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    Training to Hold the Line

    Training to Hold the Line

    Photo By Staff Sgt. Alyson Pelletier | The civil disturbance turns violent and the 488th Military Police Company’s quick...... read more read more



    Story by Staff Sgt. Alyson Pelletier 

    121st Public Affairs Detachment

    PLYMOUTH TRAINING AREA, PLYMOUTH, MAINE – The 488th Military Police Company, Maine Army National Guard, responded to a civil disturbance at Plymouth Training Area in Plymouth, Maine, June 2, 2018.

    The military police conducted the National Guard Reaction Force evaluation.

    MPs guarded the entrance to a conference center while peaceful protestors represented by other National Guard members, chanted, held signs, and even shook hands with some of the police.

    The MPs were operating under the rules of interaction.

    “The difference between the rules of interaction and rules of engagement is how escalated the situation becomes,” said 1st Lt. Garrett Clark, a military police officer, with the 286th Combat Sustainment Support Battalion and an evaluator for the MPs, “Rules of interaction are what the MPs can say to the protestors, and rules of engagement is what type of physical actions the MPs can take.”

    The MPs were evaluated on tasks including: being aware of cultural, political, and religious considerations to avoid inadvertently inciting the crowd, performing civil disturbance patrols, and dispersing, containing, or blocking crowds as required by the situation.

    Clark walked around with a clipboard checking off boxes as he noticed the actions of the military police to ensure they are abiding by their doctrinal training.

    Clark said he was a military police officer with the MPs before being an evaluator.

    “It’s a different perspective being on the other side,” said Clark, “The MPs, they don’t know what the mission is prior to receiving it but being part of the planning process, I see now there is so much that goes into it.”

    Clark’s experience as an MP provided him with valuable insight to help improve the training to make the exercises more realistic.

    Down the road from the protest, the CSSB set up a tactical area where they tracked all of the events unfolding to assist the MPs with any support they needed.

    “When you have so many units moving and doing various missions, you need somebody to be watching them and that’s what battalion does,” said Sgt. 1st class Jaclyn Ellis, the CSSB’s acting first sergeant.

    Maps were spread out and white boards were constantly updated tracking movements of the MPs and the protestors, while radio chatter filled the operation’s tent.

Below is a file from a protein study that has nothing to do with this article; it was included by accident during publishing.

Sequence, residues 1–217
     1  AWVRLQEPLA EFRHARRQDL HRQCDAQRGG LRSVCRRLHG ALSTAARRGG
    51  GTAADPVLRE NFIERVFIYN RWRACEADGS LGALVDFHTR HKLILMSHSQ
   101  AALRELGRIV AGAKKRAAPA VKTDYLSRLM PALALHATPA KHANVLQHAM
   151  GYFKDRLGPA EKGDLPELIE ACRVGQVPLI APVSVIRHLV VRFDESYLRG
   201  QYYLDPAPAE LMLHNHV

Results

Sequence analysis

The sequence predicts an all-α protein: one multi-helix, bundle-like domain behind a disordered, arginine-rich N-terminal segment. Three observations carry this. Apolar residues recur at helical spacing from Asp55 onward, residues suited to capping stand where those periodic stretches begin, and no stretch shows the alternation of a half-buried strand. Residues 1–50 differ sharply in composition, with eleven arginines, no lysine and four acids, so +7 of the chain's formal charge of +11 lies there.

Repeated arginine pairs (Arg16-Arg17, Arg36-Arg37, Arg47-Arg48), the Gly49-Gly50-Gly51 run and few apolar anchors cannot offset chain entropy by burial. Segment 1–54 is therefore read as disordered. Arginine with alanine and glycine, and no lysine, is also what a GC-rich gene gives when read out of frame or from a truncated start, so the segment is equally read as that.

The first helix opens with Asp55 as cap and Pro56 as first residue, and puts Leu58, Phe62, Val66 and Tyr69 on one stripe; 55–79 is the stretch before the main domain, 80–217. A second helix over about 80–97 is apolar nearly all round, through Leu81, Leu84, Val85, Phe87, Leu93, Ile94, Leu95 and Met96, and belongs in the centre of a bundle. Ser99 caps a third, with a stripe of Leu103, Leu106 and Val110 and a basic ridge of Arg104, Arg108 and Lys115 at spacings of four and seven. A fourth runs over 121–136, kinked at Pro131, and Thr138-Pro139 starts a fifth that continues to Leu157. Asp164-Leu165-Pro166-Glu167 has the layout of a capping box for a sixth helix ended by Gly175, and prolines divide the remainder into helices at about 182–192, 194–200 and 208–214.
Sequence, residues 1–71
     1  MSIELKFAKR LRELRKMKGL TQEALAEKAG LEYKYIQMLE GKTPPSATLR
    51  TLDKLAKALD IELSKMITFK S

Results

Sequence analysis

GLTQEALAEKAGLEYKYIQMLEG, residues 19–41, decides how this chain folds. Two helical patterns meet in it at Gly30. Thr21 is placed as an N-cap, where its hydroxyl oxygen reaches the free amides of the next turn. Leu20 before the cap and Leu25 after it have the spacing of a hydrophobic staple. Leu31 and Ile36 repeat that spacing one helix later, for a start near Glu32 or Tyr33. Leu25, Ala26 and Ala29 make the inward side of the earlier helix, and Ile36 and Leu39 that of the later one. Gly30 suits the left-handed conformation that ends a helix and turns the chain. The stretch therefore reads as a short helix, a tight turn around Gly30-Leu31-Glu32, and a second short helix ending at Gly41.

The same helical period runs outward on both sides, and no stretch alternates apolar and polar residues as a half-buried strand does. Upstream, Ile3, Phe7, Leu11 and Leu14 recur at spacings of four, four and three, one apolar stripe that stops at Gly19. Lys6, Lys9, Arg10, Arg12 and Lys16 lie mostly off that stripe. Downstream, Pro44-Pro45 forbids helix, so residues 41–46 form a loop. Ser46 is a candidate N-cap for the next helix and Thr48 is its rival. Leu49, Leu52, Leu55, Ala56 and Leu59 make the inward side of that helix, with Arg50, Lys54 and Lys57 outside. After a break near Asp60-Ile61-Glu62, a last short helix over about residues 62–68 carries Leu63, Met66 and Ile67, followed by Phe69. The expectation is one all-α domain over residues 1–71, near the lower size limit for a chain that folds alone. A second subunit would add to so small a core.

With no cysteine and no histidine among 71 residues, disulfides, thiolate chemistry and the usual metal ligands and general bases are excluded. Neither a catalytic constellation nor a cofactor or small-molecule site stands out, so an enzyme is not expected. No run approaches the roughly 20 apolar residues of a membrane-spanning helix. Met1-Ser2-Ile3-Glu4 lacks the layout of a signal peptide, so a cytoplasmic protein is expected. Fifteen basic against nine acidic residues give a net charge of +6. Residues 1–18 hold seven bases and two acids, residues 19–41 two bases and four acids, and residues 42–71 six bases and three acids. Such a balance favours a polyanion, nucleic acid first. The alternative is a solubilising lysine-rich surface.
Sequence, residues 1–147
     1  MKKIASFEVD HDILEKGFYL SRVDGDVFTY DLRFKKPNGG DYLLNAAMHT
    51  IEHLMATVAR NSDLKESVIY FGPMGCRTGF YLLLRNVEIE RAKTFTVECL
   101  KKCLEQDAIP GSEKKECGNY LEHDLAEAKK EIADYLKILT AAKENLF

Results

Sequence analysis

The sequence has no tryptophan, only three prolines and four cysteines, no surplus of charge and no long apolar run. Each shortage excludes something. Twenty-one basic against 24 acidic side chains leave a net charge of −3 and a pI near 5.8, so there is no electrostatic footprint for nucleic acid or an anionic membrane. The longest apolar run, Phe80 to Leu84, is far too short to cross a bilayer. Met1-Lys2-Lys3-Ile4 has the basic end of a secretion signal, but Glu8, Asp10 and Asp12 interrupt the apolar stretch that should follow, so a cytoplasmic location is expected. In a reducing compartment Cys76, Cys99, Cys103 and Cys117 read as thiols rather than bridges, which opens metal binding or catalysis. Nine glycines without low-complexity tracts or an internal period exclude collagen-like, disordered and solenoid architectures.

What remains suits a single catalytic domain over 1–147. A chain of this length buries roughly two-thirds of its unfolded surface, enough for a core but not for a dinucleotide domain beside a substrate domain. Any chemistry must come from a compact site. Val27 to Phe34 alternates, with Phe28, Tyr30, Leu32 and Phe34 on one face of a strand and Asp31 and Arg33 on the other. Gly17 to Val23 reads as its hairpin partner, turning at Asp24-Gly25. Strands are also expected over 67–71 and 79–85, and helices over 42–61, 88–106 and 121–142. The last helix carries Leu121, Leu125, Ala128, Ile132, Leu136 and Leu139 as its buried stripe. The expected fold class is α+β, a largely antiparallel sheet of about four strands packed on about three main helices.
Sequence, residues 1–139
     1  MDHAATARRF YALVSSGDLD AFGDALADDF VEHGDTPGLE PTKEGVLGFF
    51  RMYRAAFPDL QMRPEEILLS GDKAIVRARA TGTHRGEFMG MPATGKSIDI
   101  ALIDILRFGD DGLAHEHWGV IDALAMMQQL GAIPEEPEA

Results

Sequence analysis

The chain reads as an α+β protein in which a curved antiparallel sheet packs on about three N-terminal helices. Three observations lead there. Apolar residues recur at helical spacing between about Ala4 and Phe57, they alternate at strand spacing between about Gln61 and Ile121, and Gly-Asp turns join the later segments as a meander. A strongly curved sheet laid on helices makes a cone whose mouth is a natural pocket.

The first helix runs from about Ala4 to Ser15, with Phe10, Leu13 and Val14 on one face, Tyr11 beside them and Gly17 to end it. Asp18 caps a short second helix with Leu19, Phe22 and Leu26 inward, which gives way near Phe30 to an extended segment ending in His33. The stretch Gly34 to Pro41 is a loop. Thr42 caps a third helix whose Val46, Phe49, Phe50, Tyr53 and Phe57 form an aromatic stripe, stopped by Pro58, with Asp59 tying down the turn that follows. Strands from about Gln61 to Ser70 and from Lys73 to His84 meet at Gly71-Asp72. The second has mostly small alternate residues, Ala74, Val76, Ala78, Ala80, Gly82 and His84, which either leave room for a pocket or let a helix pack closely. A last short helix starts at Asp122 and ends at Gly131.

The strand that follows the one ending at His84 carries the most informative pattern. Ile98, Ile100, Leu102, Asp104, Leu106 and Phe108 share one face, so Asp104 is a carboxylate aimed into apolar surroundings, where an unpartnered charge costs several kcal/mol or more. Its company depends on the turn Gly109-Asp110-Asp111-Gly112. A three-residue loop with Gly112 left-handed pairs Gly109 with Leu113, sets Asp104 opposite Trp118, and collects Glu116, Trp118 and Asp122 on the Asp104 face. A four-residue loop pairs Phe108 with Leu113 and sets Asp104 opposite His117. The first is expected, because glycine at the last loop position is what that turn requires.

Ellis said the role of the battalion is to constantly collect information, make changes and recommendations based on the situation, “to maximize mission success without compromising soldier and equipment safety.”

    A voice came through on the radio, informing the CSSB that the protest turned violent.

    Counter-protestors, also played by more National Guard members arrived and instigated a fight.

    The CSSB recommended to call in the quick reaction force.
    Some of the counter protesters got physical, they pushed, and they shoved, and even ripped up some of the signs from the peaceful protesters.

    The QRF, formed a line at the entrance, wearing riot gear including, shin guards and face shields.

    Some violent protestors shoved people into the line of armed MPs.

    The MPs took note of who the violent instigators were, and when they got close, the MPs absorbed the violent protestors, detained, and searched them for any contraband, or anything that could cause harm to them or others.

    In the crowed of protestors, Ellis participated in the protest.

    “It’s fun to get out of the office and see what the unit is doing,” said Ellis, “A lot of the people out here are higher raking and the MPs don’t know who they are, and even though everyone is fighting, it’s all in good fun.”

    Ellis said this is an opportunity for the MPs and the CSSB to build comradery and trust to prepare, in the event they are called in a real life situation.

    “It’s nice to see us working together copacetic and being a collective team”, said Ellis.



    Date Taken: 06.02.2018
    Date Posted: 06.12.2018 14:02
    Story ID: 280647
    Location: PLYMOUTH, ME, US 

    Web Views: 41
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    Training to Hold the Line